The Hood Internet is a pair of mashup enthusiasts out of Chicago, Illinois, who just released “The Mixtape, Vol. 3.” In the almost two years since they debuted, they’ve released almost 200 songs, pairing up who are often the most improbable of pairings – David Lee Roth and the Notorious B.I.G., Genesis and Justice, R. Kelly and Broken Social Scene. And yet they never settle for novelty, they’re reinventing songs into their own creations. And if you listen to them enough, the radio starts to sound 0like a bunch of tepid remixes. I got to talk to them about hip hop, Dylan, and lolcats.
BPM: Hip hop is built on sampling, but outside of Kanye biting Daft Punk and Wale doing a track over Justice, no one is doing quite what you’re doing. Why do you think hip hop, in general, has such a limited range of influences? Or do you think the Hood Interfication of hip hop is taking hold as we speak?
STV SLV: I think there’s actually more and more people doing what we’re doing. We certainly weren’t the first to dig in a different direction to make hip-hop instrumentals (see: 2ManyDJs, A-Trak, Girl Talk, etc), and there are plenty of remixers new and old putting tracks like these together. Since those Wale and Kanye tracks dropped last summer, there’s already been more examples — to wit, Kid Cudi samples Band Of Horses on that last mixtape. Hip-hop has always been open to mining new sounds to make beats out of, I think that will continue.
BPM: If I were The Hood Internet, I would be scraping the bottom of my music library in an effort to keep unique mashups coming. In the year and a half-ish since you’ve started mashing up, you’ve posted something like 200 mashups, and you’ve only gone to the bountiful R. Kelly well six times. How do you keep your library fresh?
ABX: Only six times with Kels? We’ll have to step that up and do a whole R. Kelly month. We consume a lot of music to keep the hits coming, which tends to work because there is so much music coming out these days.
BPM: How do you pair up songs? Is it usually an epiphany, like “I should put these two songs together,” or is it a process of trial and error until you find something that works? Or something in between?
STV SLV: Something in between is pretty much it. Lil bit of this, lil bit of that, you know.
BPM: How has the process of making a mashup changed in the almost two years that you have been doing it? Have there been tricks to the trade that you have learned, or is it pretty much the same process you’ve employed from the beginning?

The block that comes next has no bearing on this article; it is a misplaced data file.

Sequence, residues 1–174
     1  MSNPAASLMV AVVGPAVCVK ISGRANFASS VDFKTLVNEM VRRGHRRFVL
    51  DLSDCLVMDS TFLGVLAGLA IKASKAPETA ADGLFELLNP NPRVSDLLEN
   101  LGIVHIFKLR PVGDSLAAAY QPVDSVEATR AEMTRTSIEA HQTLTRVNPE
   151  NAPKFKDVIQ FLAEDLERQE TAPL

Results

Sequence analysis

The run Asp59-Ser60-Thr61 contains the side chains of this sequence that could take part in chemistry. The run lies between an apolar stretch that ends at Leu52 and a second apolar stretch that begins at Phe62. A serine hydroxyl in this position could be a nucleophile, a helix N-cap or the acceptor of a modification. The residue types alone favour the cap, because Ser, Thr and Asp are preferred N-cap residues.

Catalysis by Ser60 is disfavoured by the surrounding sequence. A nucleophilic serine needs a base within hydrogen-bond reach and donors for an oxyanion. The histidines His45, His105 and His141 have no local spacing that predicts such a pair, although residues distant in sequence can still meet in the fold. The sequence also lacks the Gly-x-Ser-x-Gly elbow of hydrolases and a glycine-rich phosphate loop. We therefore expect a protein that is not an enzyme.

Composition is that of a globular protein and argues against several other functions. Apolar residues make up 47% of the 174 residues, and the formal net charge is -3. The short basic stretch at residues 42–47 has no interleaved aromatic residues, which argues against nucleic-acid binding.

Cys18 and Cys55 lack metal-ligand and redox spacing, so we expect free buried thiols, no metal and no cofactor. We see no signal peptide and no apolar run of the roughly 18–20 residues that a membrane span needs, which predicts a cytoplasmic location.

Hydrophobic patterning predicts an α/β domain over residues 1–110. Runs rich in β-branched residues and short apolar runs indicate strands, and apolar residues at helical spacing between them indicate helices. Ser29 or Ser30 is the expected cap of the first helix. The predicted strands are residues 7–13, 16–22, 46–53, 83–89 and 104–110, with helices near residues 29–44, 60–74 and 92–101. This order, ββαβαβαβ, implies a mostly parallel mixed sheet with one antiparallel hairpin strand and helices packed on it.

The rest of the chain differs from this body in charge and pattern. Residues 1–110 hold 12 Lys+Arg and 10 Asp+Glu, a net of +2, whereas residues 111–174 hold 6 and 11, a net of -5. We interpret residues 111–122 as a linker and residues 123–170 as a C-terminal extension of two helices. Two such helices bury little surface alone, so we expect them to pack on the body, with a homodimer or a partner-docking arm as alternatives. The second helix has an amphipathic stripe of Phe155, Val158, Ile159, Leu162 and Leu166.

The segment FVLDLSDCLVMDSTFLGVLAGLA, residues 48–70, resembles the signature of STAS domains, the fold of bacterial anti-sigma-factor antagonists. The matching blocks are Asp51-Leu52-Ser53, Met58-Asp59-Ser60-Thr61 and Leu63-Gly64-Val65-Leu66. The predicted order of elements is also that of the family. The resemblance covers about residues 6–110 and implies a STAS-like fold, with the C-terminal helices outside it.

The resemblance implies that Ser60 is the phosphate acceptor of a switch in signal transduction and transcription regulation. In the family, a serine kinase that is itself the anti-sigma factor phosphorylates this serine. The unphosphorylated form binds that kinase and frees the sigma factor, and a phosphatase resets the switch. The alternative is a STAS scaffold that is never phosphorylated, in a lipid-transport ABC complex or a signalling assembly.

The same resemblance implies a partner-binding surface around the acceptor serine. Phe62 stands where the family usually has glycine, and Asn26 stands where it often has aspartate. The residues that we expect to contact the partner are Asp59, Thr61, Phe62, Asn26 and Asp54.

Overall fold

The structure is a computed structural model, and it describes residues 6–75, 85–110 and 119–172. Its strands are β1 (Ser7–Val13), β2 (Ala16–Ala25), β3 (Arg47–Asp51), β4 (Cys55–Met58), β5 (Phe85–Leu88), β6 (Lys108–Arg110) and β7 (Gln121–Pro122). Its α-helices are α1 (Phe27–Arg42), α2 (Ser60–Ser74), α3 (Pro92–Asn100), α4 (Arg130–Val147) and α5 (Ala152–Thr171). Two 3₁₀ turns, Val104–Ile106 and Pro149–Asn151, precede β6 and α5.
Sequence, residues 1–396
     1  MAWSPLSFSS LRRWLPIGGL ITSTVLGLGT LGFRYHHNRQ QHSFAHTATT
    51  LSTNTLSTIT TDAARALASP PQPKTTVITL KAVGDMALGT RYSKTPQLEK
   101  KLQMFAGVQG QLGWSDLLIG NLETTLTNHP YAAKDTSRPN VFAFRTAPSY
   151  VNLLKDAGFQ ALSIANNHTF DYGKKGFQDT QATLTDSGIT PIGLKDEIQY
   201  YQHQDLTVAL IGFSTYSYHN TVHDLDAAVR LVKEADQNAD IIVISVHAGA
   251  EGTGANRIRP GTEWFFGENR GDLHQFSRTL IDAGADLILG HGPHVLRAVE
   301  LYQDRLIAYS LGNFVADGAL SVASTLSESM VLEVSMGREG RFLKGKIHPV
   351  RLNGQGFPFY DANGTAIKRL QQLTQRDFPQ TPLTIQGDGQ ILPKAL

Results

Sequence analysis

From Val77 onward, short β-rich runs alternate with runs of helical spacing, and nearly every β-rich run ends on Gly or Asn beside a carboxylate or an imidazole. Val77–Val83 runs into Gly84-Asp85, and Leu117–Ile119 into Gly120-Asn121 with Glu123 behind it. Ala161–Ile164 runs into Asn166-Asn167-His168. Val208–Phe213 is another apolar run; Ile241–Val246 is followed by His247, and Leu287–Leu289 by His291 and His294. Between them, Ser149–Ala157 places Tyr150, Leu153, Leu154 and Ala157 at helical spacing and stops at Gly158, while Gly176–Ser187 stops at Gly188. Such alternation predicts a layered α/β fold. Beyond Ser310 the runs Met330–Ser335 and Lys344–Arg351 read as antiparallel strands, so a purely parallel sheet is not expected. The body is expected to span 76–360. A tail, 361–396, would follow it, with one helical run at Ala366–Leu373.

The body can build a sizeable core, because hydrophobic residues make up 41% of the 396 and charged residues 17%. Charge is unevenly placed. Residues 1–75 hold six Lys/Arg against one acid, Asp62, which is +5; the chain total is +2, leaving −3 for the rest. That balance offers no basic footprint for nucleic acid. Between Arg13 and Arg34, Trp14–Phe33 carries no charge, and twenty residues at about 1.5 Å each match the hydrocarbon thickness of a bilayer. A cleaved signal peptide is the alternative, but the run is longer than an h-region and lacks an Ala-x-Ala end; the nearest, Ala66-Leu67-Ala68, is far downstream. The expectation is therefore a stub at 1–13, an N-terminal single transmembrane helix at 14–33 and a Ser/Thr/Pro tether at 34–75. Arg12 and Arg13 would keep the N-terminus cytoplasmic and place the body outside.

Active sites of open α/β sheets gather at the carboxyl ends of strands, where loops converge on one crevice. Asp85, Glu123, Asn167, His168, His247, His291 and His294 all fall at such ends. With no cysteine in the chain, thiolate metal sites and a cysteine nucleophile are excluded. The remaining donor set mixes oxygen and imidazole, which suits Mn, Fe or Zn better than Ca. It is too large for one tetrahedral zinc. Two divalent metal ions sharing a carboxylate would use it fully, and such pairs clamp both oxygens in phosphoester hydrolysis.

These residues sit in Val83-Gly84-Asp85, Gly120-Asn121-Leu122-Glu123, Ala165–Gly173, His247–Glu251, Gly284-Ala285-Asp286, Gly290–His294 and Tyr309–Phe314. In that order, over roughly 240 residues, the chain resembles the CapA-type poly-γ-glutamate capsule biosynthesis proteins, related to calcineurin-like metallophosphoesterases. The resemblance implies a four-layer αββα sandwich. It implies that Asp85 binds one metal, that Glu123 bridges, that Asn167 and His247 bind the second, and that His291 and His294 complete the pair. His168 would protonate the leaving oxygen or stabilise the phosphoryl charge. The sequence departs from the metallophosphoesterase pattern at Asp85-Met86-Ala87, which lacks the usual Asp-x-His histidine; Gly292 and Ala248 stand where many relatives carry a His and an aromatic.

ABX: I switched over to using Ableton Live to do my tracks in the past year, which has made the process faster and easier. Also, acapella tracks have become more plentiful in the past few years, which gives us more options to work with.
BPM: Are the concept tracks/records (The Hood vs LA, The Hood vs Chicago, any of the artist-centric mixtapes like The Pack, Lykke Li, Aesop Rock/Tobacco) more difficult to accomplish than your everyday mashups?
STV SLV: When you’re working within a scope like that, the quantity of source material is a bit limited, so that can make things more challenging than the usual fare.
BPM: What is the ratio, approximately, of successful mashups that get posted on the site to utter failures that don’t?
ABX: Don’t forget the utter failures that do get posted to the site. The majority of tracks get finished and posted in one form or another that can involve both success and failure along the way. I would say the ratio is roughly equal to the square root of pi.
BPM: Is there any specific quality you typically need in tracks, musically speaking? How difficult is it to find acapellas of the songs you’d like to use? Is that a limiting factor, or is there basically an acapella available for anything you might like to do?
STV SLV: It’s nice when the acapella tracks don’t sound like shit. Some of the DIY ones floating around that are created from inverting the instrumental or whatever — those are often hard to work with. We have a few places we go to look for acapellas which are relatively bountiful, but certainly don’t have anything we could think of, otherwise you would already have seen The Hood Internet vs Phil Collins.